By Zach Weissmueller | Reason
The mass migration of human beings from the country to the city started with the Industrial Revolution. According to the U.N., 2007 was the tipping point when more of humanity lived in urban than rural areas. And the trend continues: A projected two-thirds of the global population will live in cities by 2050.
In the U.S., cities have become remarkably expensive because housing prices have outpaced wage growth. Developers don’t build enough new supply to meet rising demand because a thicket of regulations artificially drive up building costs.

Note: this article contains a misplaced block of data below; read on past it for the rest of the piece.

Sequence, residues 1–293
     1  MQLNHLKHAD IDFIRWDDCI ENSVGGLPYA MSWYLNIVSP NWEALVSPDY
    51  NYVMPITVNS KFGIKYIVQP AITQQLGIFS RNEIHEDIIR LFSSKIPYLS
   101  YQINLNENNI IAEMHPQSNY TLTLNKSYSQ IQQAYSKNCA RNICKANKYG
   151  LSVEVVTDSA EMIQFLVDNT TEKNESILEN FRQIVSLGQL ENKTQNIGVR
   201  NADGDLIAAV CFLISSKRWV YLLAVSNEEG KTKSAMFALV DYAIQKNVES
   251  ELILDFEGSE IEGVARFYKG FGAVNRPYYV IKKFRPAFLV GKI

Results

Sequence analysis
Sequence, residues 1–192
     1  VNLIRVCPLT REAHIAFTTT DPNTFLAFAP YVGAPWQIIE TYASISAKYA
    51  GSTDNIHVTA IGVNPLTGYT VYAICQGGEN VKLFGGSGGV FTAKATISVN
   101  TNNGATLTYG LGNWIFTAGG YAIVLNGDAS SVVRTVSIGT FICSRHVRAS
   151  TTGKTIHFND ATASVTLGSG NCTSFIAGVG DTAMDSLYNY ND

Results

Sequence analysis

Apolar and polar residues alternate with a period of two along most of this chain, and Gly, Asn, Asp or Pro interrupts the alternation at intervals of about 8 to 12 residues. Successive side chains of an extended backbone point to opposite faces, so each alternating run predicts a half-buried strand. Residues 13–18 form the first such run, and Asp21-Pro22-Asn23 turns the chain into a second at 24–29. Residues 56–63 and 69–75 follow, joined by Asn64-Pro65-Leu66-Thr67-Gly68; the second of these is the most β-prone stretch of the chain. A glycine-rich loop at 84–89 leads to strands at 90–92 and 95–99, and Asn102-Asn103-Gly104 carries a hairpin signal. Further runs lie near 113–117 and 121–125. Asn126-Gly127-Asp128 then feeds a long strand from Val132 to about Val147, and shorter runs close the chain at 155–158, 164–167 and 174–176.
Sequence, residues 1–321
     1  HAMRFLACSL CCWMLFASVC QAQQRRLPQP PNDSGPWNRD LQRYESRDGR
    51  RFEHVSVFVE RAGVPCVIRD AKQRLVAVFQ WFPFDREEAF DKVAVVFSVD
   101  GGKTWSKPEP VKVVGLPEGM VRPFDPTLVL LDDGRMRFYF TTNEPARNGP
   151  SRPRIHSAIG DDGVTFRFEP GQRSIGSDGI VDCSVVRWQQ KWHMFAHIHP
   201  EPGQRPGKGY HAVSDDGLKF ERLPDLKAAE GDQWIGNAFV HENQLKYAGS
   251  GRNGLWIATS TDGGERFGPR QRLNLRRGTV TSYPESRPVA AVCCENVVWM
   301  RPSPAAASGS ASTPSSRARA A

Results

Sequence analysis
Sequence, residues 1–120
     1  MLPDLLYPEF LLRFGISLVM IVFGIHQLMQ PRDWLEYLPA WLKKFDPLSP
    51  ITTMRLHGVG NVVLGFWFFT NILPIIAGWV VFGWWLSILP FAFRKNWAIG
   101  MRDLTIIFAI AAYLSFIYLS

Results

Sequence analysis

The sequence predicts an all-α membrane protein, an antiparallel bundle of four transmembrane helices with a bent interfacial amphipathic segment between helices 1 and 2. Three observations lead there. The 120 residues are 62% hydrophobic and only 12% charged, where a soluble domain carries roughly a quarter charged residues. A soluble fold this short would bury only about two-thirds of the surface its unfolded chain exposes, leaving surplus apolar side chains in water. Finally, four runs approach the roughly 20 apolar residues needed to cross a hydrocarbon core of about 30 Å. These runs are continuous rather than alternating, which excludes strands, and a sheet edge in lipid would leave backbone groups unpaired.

Is the solution more density in the core or more sprawl in the periphery—or both? If governments were to remove the artificial restrictions and incentives that shape the landscape of American cities, how would urban dwellers choose to live?